My view of that forum is that it is mostly arborists concerned with the scale of single or few trees and not larger-scale issues. Land-use issues, from the view of this practicing planner (and urban forestry undergrad), are not well understood there.

    That said, I found your statements and the statements of the park planner to be largely incorrect; these were due, in my view, to old views not being corrected or updated [all families want x, all smart growth is y]. Again, I am a practicing planner. I also am a New Urbanist and approach my practice from an urban ecology and microecon education. I was also a weatherman in the Air Force, but I’ll try to keep that topic ululation under control.

    Best regards,


  5. Ed Ring says:

    Well I would be interested in knowing where you get your data. I speak with developers all over the country, and the reason we can’t develop small homes on big lots – as opposed to big homes on small lots – is because the media elites, policymakers, environmentalists and trade unions all prefer to see everyone on tiny lots or in multi-unit structures. People would buy homes with yards if homes with yards were available and affordable.

    For this reason, there is a huge disconnect between what people want and what people get. And I think many of the studies are skewed. For example, surveys show people favor light rail. But when you dig deeper, you find people prefer light rail, if other people ride it.

    Nowhere have I ever suggested we shouldn’t have high density housing in the urban core. That makes market sense – there is a demand for more housing in the downtowns – and it is also smart growth. But I’m sorry, look at the photo that leads this post, and tell me that is smart growth. No trees, no yards, and that is a shot from a neighborhood that is twenty miles from any real downtown. It is a wasteland, and only exists because “smart growth” ideas have been taken to a grossly inappropriate extreme.

  6. Dan Staley says:

    Wow. Lots of Reason- and Cato- originated fear phrases in there, Ed.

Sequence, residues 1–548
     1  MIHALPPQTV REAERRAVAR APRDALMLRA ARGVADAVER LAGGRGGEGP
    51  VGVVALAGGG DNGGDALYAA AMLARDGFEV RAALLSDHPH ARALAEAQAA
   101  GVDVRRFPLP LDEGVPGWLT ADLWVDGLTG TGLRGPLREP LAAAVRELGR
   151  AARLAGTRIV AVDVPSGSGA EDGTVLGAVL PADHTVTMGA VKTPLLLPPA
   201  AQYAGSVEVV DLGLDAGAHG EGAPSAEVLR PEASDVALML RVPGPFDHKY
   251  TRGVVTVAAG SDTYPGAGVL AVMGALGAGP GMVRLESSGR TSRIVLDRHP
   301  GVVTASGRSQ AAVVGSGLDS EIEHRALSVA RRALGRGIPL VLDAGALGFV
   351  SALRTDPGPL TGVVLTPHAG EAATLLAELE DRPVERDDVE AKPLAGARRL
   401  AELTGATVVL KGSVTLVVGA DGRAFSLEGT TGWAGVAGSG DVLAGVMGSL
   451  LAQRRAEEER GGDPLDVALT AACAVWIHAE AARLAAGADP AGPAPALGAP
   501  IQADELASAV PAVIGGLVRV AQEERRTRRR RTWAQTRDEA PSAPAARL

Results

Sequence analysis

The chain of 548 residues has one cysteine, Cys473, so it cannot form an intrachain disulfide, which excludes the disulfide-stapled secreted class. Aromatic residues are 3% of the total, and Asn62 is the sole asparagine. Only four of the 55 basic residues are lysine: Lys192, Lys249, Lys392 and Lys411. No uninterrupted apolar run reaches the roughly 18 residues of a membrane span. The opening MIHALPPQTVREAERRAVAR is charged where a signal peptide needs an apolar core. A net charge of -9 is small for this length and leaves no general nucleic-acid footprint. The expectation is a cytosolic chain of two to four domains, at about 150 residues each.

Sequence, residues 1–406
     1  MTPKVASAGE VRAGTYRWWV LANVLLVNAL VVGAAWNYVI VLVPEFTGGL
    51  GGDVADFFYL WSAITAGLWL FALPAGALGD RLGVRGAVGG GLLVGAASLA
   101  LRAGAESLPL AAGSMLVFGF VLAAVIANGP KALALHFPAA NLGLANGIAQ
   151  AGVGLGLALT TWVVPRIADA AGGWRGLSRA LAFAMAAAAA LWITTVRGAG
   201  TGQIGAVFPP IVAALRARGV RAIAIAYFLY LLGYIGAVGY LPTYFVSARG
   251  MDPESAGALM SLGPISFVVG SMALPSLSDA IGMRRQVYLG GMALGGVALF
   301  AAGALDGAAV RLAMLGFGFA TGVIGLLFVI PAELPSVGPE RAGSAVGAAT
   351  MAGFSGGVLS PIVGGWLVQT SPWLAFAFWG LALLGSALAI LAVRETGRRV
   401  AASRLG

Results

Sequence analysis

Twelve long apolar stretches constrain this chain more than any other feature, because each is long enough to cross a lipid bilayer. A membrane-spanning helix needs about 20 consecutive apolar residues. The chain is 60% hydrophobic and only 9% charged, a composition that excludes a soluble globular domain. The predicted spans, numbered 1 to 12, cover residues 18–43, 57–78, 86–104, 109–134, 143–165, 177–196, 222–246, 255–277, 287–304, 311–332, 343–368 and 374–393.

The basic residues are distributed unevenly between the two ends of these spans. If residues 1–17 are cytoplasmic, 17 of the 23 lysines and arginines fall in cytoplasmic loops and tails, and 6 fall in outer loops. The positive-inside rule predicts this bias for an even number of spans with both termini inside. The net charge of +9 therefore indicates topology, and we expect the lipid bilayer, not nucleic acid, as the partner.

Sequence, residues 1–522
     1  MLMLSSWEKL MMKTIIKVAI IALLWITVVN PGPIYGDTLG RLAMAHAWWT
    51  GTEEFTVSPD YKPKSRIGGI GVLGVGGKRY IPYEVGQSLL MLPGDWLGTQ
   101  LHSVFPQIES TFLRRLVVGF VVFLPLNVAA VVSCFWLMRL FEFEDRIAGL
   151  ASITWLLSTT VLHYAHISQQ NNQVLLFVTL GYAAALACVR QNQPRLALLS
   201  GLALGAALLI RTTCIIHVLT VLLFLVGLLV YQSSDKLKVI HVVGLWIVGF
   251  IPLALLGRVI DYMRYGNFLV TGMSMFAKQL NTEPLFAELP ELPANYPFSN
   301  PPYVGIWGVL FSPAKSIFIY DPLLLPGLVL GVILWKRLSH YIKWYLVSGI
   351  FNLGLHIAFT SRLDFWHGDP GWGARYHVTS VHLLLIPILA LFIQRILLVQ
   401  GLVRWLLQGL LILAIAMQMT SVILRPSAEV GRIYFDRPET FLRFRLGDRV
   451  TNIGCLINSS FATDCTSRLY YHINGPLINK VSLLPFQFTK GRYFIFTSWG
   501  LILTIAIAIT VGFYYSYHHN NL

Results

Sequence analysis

By any survey you wish me to produce, ~33-50% of folk want a New Urbanist-type development in which to live. More than that want elements found in a NU-type development, esp. non-autocentric features such as ped safety, walkability, etc, in stark contrast to your error-riddled latest piece on Urbnrnet.

    Also, your family-centric “what people want” needs updating too, as less than half the households in the US have families. Yes, less than half have a child unit. Demographics are changing too, and every year ~600,000 elderly stop driving and they demand non-autocentric services.

    Not everyone wants a yard, Ed. Period. Sorry to break it to you.

    But your equating the foto above with Smart Growth reveals more about your ignorance than anything, Ed. I don’t see that as a smart growth development at all, even if the developer chose to market it that way.

    There’s a whole world out there that wants different things than the narrow category that you wish everyone wanted because you do. You don’t have to wake up, though, because it’s happening despite your protestations.

    Good luck in realigning your worldview. The Almighty Market already has, and is providing these products that rational utility maximizing agents seek – even though you don’t know about it.

    Best regards,


  7. Ed Ring says:

    Dan: As I’ve already made clear, I haven’t studied the Reason or Cato material, in fact I’m not even sure who “Reason” is. But if you are saying that what I am saying is similar to what they are saying, perhaps I should look them up.

    You have posed this as an all or nothing, and I’ve never said that. High density developments make sense in downtown urban cores. They may also make sense in certain other cases of planned communities. But ultra-high density infill should not be permitted to destroy the character of already established low density suburbs. In a recent council meeting in a suburb of Sacramento, over 500 people showed up to protest a high density infill project that was proposed to go into a low density neighborhood. It was approved anyway. Believe me, there are a lot of people who don’t want this crammed down their throats.

    The point is not that nobody wants high density – the point is that we should not make low density unaffordable as if there is a shortage of land, because there isn’t, and we shouldn’t destroy quiet low density suburbs with high density infill.